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United Kingdom: three questions about the economic storm that is hitting the country

"Real risks to British financial stability".

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United Kingdom: three questions about the economic storm that is hitting the country

"Real risks to British financial stability". This is how the Bank of England described this Wednesday, September 28 the market turbulence triggered by the expensive budget plan in London, particularly criticized by the International Monetary Fund (IMF). To face this storm which occurs at a time when the country is going through a serious economic crisis against a backdrop of soaring energy prices, the Bank of England (BoE) will buy government bonds.

"The Bank will make purchases of government bonds with long maturities" from this Wednesday in order to "restore normal market conditions", said the BoE in a press release published on Wednesday, specifying that this "operation will be entirely financed by the Treasury ".

"The market movement has been exacerbated since yesterday and particularly affects long-term debt. If this market dysfunction continues or worsens, it would pose a real risk to the financial stability of the United Kingdom", explained the BoE to justify its intervention .

On Friday, the new government of Liz Truss announced measures to support the economy and very costly tax cuts. This plan provides for a freeze in the cost of energy for individuals and businesses, which alone should cost 60 billion pounds for the first six months, but also significant tax cuts. Estimated by economists at an amount of 100 to 200 billion pounds, but the financing and impact of which remain unclear and not quantified by the government, these measures have wreaked havoc on the markets in recent days.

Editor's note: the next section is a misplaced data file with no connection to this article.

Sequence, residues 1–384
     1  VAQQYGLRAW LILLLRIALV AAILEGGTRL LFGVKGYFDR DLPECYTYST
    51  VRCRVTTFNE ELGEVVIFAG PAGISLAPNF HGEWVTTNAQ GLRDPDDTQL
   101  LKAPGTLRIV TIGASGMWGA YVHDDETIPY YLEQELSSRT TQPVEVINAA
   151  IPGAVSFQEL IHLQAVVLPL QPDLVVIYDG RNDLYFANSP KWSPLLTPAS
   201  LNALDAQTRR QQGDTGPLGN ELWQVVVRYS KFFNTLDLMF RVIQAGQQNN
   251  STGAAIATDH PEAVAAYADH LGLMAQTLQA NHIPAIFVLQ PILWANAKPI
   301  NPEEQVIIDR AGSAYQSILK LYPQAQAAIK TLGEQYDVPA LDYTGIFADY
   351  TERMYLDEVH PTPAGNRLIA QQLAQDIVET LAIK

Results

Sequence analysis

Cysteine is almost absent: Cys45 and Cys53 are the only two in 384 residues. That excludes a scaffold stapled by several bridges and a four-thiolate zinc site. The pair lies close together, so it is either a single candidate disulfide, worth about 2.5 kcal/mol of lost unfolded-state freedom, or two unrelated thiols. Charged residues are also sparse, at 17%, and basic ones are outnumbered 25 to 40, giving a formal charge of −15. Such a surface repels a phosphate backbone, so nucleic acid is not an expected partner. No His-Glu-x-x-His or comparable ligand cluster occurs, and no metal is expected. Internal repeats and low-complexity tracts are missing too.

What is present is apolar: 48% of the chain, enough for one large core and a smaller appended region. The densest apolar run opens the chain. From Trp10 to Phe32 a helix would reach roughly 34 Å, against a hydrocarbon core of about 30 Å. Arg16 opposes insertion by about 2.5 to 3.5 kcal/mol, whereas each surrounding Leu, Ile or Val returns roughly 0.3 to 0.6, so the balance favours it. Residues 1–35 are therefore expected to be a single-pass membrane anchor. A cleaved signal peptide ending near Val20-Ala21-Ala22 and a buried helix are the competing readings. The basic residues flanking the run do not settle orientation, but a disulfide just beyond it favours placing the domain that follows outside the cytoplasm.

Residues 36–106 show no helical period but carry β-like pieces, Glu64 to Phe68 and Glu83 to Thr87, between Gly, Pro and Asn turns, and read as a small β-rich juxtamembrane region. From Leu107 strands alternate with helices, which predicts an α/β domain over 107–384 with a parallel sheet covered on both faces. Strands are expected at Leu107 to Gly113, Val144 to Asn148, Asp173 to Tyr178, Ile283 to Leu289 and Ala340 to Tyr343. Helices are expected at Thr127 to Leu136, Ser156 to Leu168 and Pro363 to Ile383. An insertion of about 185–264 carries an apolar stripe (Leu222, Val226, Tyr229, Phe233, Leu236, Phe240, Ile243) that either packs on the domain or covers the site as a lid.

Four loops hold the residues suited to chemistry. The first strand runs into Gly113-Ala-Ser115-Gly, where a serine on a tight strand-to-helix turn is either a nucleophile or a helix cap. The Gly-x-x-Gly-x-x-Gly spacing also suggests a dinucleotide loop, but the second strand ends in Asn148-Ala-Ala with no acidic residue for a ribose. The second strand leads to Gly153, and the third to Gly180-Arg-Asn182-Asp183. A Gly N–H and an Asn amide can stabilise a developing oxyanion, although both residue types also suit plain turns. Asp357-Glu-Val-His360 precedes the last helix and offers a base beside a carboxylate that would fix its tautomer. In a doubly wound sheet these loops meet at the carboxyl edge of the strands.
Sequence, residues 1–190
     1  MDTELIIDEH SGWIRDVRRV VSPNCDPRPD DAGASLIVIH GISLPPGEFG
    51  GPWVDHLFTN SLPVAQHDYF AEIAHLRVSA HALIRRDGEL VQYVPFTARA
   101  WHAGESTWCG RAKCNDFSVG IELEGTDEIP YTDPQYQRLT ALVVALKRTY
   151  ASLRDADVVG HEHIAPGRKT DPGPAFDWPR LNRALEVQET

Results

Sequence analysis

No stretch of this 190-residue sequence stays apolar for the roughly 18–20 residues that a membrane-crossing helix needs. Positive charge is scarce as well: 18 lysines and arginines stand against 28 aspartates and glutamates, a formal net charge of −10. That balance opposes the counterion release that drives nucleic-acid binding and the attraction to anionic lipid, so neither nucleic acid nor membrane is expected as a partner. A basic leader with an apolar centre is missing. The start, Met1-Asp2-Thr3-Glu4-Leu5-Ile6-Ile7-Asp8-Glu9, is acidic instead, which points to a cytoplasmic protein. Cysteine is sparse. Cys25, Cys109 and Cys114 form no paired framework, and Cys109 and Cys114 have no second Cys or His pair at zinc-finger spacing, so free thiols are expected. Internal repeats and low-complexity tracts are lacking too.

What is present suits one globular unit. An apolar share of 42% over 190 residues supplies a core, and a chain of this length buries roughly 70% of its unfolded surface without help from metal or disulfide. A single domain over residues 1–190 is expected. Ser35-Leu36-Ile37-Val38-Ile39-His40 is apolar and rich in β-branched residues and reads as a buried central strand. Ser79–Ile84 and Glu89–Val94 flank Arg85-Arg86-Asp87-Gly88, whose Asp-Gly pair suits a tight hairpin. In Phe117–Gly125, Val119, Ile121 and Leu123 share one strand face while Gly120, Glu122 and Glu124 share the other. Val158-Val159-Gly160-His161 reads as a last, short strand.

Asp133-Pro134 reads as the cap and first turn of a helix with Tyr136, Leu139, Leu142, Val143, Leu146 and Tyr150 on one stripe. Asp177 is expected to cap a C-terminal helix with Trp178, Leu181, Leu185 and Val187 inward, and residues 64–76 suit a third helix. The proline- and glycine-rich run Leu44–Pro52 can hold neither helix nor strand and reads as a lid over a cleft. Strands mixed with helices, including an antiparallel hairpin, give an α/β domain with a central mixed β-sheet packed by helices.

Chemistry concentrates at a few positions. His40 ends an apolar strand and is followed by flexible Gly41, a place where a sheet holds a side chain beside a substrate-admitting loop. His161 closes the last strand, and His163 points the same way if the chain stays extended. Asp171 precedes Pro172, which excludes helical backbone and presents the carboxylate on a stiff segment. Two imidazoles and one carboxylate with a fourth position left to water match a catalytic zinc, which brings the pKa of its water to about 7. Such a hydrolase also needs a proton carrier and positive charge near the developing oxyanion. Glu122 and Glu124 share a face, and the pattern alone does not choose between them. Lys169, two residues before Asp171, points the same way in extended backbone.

Earlier in the day, the IMF had openly criticized this costly economic support plan, calling on Downing Street and Chancellor of the Exchequer (Finance Minister) Kwasi Kwarteng to correct the situation. The sharp tax cuts envisaged by British leaders "will probably increase inequality", worries the IMF in a statement sent to AFP.

The Washington institution even goes so far as to ask London to "reassess" these measures when presenting its budget on November 23, "especially those that benefit people with the highest incomes", in this statement to the unusually direct tone for the international institution.

The freezing of energy prices is also at the center of the criticisms of the Fund, which recalls not recommending "broad and untargeted budgetary packages at this stage". “It is important that fiscal policy does not run counter to monetary policy,” the IMF also writes as the Bank of England tries to slow economic activity through rate hikes in order to fight against a surge in inflation.

“Given the high inflationary pressures in several countries, including the UK, we do not recommend any significant unfunded fiscal measures, as it is important that fiscal policy does not stand in the way of monetary policy,” further said the IMF. Rating agency Moody's made similar comments, warning of an "unsustainable debt trajectory".

"We understand that the major budget plan announced aims to help families and businesses cope with the energy shock and to boost growth through tax cuts," said the IMF, however, about the plan presented by Kwasi Kwarteng.

This Wednesday, the Treasury for its part defended its budgetary plan. “We acted quickly to protect households and businesses this winter and next winter,” argued the Treasury. “We are focusing on growing the economy and standard of living for all” ahead of a new medium-term budget on November 23 which “will ensure that debt falls as a share of GDP,” he added.

A signal of investor mistrust for British assets, the pound sterling plunged to an all-time low of $1.0350 on Monday and has risen only slightly since. Since the beginning of the year, its fall, dizzying, remains 20%.

The yield on government debt, which increases when demand declines, has soared. The 30-year bond rate, which was around 3.5% at the start of last week, jumped to reach 5.14% at the start of the session on Wednesday, its highest since 1998, signaling a surge in the cost of financing. British debt. It quickly fell back with the intervention of the BoE, even falling to 3.94%. The 10-year bond rate followed suit, falling to 4.23% after hitting a high since 2008 at 4.02%. Soaring borrowing rates in the UK risk making household mortgages and corporate credit more expensive and pushing them to a point where they would no longer be able to repay.

With an inflation rate of almost 10% over one year, the highest in the G7, the United Kingdom has already entered recession, according to the Bank of England.

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